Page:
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Football: Ohio State annihilates Michigan, setting up Big Ten title game with Northwestern

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Football: Ohio State annihilates Michigan, setting up Big Ten title game with Northwestern

Ohio State sneaks into the end zone against Northwestern in 2016. The two teams will meet next week for the Big Ten title.

Ohio State sneaks into the end zone against Northwestern in 2016. The two teams will meet next week for the Big Ten title.

Daily file photo by Daniel Tian

Ohio State sneaks into the end zone against Northwestern in 2016. The two teams will meet next week for the Big Ten title.

Daily file photo by Daniel Tian

Daily file photo by Daniel Tian

Ohio State sneaks into the end zone against Northwestern in 2016. The two teams will meet next week for the Big Ten title.

Joseph Wilkinson, Reporter

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Football

COLUMBUS, Ohio — Northwestern finally knows its opponent in the Big Ten Championship game: the Ohio State Buckeyes.

Despite entering as modest home underdogs, the No. 10 Buckeyes (11-1, 8-1 Big Ten), embarrassed No. 4 Michigan (10-2, 8-1) in an absurd 62-39 victory Saturday. Next on the table for the Big Ten East champions: The No. 19 Wildcats (7-4, 7-1), who have had the west division wrapped up for two weeks.

“To come back against your rival and play like that, that’s a focused team that loves each other and cares about each other,” Ohio State coach Urban Meyer said. “I know the team we beat, that’s a heck of a team.”

It was a dominant performance from Ohio State quarterback Dwayne Haskins, who threw for 318 yards — 109 more than any team had thrown for against Michigan all year prior to Saturday. Along the way, he set the single-season Big Ten record for passing yards, surpassing eventual NFL passer Curtis Painter.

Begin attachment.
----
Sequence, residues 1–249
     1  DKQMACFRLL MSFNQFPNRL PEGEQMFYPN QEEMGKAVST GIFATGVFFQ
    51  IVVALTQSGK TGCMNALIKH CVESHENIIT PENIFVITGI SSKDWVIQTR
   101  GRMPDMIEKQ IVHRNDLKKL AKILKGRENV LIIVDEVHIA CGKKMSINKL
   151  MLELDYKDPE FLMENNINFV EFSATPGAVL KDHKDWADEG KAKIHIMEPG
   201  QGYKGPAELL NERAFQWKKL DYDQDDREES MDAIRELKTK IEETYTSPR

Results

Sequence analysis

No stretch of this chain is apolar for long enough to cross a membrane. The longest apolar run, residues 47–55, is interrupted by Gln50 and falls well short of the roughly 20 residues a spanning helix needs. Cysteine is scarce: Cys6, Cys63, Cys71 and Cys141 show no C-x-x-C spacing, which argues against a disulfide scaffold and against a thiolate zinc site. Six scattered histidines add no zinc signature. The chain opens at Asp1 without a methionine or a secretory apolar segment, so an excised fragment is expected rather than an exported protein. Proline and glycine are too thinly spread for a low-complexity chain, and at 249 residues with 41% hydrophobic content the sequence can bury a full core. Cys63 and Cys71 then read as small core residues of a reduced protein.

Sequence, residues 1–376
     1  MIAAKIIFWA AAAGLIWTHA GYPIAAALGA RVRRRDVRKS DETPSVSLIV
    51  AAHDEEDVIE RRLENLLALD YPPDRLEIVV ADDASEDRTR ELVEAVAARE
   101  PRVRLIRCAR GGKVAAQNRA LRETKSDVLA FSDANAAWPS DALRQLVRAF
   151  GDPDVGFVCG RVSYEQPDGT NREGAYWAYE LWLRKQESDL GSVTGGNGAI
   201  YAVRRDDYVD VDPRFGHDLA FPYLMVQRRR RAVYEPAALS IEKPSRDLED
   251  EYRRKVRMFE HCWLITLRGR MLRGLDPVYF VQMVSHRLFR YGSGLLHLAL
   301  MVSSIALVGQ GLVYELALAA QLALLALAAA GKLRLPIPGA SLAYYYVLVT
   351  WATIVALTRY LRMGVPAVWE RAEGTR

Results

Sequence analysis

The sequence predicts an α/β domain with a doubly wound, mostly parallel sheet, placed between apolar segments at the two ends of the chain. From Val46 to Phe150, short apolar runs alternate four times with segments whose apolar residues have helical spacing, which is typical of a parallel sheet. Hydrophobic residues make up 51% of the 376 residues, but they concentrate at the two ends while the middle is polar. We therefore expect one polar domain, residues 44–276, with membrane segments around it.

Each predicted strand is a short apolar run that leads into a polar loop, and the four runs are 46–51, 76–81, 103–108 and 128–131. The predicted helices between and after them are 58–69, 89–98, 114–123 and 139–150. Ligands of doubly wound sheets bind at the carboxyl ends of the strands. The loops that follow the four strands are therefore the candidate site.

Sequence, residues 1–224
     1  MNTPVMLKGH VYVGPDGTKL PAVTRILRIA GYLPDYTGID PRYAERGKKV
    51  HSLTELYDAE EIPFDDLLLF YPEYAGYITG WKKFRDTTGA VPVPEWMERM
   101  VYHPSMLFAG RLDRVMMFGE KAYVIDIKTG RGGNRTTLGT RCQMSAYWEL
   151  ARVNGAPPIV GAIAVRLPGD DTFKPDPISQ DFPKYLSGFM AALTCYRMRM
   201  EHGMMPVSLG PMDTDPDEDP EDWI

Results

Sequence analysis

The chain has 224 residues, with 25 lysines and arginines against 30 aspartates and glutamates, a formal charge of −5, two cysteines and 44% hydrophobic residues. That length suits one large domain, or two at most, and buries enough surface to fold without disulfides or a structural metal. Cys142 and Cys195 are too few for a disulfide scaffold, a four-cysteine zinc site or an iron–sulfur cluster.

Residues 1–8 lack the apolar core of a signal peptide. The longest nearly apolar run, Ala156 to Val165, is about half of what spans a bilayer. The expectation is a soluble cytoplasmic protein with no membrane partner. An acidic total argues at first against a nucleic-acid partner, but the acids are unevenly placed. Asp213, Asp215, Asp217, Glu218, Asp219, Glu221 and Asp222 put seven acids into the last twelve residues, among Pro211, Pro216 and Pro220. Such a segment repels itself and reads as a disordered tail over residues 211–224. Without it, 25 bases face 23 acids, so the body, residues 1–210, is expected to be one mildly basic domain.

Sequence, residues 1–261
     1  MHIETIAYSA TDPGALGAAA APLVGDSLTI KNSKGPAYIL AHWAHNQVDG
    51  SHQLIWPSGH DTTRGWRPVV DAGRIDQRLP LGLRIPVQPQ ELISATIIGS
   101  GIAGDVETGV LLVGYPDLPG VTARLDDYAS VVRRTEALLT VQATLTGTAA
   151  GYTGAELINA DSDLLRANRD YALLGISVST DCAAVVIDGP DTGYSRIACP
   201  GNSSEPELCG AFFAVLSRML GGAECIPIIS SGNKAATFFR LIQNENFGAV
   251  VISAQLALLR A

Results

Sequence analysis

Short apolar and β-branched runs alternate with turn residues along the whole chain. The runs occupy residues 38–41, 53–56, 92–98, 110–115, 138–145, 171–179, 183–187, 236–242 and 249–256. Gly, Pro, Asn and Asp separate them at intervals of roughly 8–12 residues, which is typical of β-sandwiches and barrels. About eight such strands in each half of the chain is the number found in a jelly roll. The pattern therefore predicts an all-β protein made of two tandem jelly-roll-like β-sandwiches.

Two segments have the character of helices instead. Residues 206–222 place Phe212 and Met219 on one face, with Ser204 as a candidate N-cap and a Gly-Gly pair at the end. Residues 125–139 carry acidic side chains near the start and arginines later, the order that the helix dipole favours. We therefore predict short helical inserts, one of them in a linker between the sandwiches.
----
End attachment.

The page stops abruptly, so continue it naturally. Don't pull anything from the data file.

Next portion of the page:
He got help from freshman receiver Chris Olave, who had two receiving touchdowns and a game-changing punt block, and the much-maligned Ohio State run defense, which held the Wolverines to less than four yards per carry.

It was also a milestone for Michigan defensive coordinator Don Brown. Brown’s defense hadn’t allowed 62 points since his Dartmouth Big Green allowed 66 to New Hampshire in 1986.

“I see the one-high (safety) and that’s a quarterback’s dream,” Haskins said. “The biggest responsibility for me all week was to be able to pick up blitzes and protection, because we saw a lot of different fronts and exotic looks. I spent hours in the film room just trying to figure out how we can pick the blitzes up. And once we picked it up, receivers make plays, and I’m going to put it there.”

NU will have its hands full with the Buckeyes’ elite receiving core. Olave, Parris Campbell (who had a 78-yard touchdown of his own Saturday), K.J. Hill and company dusted one of the best secondaries in the country for 318 yards through the air. The Cats, on the other hand, have struggled to contain speedy receiving threats since week one, when Purdue’s Rondale Moore scored two long touchdowns.

Next week, instead of facing the team previously ranked No. 2 in Defensive S&P+, the Buckeyes will be up against a combination of the recently injured (Montre Hartage, Trae Williams, Jared McGee) or reserve (Cam Ruiz, Alonzo Mayo, Travis Whillock) defensive backs that comprise the NU secondary.

“I think we’re the second(-best) offense in America (statistically),” Meyer said. “The second offense in America just put a bunch of yards on the number one defense in America. So just great players and a really good offensive staff, and that’s how you do it.”

The last time the Cats and Buckeyes clashed came in 2016 at Ohio Stadium, with J.T. Barrett leading the hosts to a 24-20 victory. NU famously kicked a field goal in the red zone with 3:36 remaining, trailing by a touchdown. It was the last time the Cats offense would see the field.

Meyer, however, isn’t quite ready to compare the upcoming game in Indianapolis to that contest.

“Every team’s different, but it’s all about how you practice, about how you attack your week,” Meyer said. “Pat (Fitzgerald)’s one of my very closest friends. I have just great respect for him. And I haven’t watched them yet. So that comes tomorrow.”

A previous version of this story incorrectly spelled Parris Campbell’s name. The Daily regrets the error.

Email: josephwilkinson2019@u.northwestern.edu
Twitter: @joe_f_wilkinson

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